ATLANTA — ATLANTA – The Atlanta Braves are off to a rough start, but it’s a long baseball season.

A very long season.

In fact, it’s such a long season that if you buy peanuts and crackerjacks at every Braves game this season, home and away, your food bill would be around $1,600.

Major League Baseball teams play 162 regular season games. That’s twice as long as an NBA season and ten times longer than an NFL season.

Why?

Baseball historians tells us the number of games fluctuated until 1920, when Major League Baseball decided to lock down a consistent schedule. There were eighteen teams at the time divided into two divisions.

Baseball decided it would work for each team to play its seven division rivals twenty-two times each for a 154 game schedule. Since baseball is a more slow paced, non-contact sport, players could endure a season of that length.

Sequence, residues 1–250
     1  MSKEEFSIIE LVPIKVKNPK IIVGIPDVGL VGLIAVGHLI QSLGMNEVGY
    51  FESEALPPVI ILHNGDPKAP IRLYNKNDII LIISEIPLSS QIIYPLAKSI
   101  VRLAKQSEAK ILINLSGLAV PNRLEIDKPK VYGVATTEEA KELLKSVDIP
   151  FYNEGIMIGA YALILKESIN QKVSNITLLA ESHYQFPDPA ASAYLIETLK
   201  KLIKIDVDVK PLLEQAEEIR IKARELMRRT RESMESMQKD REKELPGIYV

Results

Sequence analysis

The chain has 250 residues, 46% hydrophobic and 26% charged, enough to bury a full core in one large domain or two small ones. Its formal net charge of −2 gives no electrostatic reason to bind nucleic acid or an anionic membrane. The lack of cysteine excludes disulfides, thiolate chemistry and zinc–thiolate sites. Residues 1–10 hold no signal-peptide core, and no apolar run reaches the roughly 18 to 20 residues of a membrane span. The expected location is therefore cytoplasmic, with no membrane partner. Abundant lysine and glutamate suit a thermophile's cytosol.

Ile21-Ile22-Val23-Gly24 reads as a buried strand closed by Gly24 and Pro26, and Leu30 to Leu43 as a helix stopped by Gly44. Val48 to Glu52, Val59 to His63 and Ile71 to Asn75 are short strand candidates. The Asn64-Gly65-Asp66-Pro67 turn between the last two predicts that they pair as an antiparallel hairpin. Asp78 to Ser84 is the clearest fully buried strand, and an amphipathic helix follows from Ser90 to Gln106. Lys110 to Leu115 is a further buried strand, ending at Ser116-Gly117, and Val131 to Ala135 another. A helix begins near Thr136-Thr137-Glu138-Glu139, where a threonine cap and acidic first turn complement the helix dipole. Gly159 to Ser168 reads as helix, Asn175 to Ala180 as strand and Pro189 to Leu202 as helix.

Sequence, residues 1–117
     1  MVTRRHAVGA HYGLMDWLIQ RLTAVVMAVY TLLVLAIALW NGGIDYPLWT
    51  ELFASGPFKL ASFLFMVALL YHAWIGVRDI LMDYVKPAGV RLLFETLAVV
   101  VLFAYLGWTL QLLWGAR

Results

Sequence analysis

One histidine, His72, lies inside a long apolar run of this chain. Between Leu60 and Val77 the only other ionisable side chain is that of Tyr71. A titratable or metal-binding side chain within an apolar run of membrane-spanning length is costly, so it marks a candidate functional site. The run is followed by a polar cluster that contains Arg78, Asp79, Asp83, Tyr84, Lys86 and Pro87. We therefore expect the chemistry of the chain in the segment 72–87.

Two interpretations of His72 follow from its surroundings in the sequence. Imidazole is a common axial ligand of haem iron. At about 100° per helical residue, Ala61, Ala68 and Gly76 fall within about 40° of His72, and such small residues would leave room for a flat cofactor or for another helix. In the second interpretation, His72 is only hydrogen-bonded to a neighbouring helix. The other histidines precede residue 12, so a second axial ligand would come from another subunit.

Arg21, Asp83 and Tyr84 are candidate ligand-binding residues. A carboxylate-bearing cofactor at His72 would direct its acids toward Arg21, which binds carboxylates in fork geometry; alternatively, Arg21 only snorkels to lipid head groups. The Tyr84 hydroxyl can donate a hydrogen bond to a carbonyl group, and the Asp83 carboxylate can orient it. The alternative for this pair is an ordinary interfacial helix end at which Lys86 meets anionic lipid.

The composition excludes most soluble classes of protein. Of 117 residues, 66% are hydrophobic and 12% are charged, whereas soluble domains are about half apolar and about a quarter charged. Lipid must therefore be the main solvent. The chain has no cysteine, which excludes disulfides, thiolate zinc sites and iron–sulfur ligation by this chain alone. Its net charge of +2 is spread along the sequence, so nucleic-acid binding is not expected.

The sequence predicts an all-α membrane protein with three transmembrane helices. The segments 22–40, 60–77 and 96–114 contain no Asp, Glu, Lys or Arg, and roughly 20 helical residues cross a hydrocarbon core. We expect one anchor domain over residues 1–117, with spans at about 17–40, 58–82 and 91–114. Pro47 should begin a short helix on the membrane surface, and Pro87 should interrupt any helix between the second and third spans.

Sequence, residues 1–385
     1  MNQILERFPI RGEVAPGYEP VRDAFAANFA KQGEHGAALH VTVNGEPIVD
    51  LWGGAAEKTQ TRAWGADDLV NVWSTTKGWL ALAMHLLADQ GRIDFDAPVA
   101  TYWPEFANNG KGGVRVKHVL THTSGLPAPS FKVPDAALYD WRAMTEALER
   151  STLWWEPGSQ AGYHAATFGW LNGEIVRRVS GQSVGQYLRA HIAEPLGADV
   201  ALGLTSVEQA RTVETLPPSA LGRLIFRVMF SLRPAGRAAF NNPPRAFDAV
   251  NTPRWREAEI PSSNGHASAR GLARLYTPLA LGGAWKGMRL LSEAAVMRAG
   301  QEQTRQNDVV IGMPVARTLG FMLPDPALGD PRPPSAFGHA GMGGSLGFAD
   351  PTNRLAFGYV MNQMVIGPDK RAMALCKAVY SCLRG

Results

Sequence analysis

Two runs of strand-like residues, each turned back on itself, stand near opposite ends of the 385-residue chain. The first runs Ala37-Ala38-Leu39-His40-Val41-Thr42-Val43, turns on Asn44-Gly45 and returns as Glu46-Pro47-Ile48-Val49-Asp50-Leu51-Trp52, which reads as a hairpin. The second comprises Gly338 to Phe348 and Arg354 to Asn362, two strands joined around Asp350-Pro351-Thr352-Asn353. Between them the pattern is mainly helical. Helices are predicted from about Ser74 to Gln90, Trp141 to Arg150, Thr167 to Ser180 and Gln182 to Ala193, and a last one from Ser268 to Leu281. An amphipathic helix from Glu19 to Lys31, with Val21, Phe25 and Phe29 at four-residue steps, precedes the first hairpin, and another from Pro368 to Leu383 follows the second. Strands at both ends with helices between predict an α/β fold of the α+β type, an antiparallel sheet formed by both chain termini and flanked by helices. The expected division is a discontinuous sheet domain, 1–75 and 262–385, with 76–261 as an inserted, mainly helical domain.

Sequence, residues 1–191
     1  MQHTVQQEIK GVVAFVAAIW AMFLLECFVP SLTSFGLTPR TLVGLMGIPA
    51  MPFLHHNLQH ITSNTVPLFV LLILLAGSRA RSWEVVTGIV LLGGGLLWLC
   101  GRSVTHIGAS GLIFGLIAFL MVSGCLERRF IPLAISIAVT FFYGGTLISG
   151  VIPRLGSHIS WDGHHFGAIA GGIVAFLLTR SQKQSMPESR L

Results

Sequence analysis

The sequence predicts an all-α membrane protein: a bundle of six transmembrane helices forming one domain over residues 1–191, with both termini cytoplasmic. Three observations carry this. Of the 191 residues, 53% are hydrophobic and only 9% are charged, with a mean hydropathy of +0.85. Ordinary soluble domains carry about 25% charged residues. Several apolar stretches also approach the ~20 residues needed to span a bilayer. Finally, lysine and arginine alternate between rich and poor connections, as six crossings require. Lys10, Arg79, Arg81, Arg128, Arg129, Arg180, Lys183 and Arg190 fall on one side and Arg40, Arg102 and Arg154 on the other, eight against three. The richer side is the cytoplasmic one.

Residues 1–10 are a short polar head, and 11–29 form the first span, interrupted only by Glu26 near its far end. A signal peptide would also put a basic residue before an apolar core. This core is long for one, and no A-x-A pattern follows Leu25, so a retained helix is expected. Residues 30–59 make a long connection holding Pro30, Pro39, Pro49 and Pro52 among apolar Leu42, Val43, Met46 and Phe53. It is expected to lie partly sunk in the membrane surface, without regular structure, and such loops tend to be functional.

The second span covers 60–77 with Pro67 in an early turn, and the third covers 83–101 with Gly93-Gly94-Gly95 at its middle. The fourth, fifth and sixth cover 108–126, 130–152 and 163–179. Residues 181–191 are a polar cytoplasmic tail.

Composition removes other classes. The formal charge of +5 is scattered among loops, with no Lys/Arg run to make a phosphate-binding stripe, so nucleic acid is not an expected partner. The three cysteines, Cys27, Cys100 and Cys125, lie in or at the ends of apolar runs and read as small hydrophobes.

In 1961,  Major League Baseball started adding teams. To continue playing each division rival twenty-two times would mean playing nearly two-hundred games.

“Owners ultimately put a stop to the 22 game format and settled on 162 games,” says baseball historian John Thorn.

The league agreed on eighteen games per rival and set the season at 162 games.

There have been more teams added since then and more adjustments to keep the number at 162. Any longer and the World Series will compete with Thanksgiving.

Some Major League players have complained that the season is already too long and leads to fatigue and injury. But so far, the tradition of a 162 game season has held for over fifty years.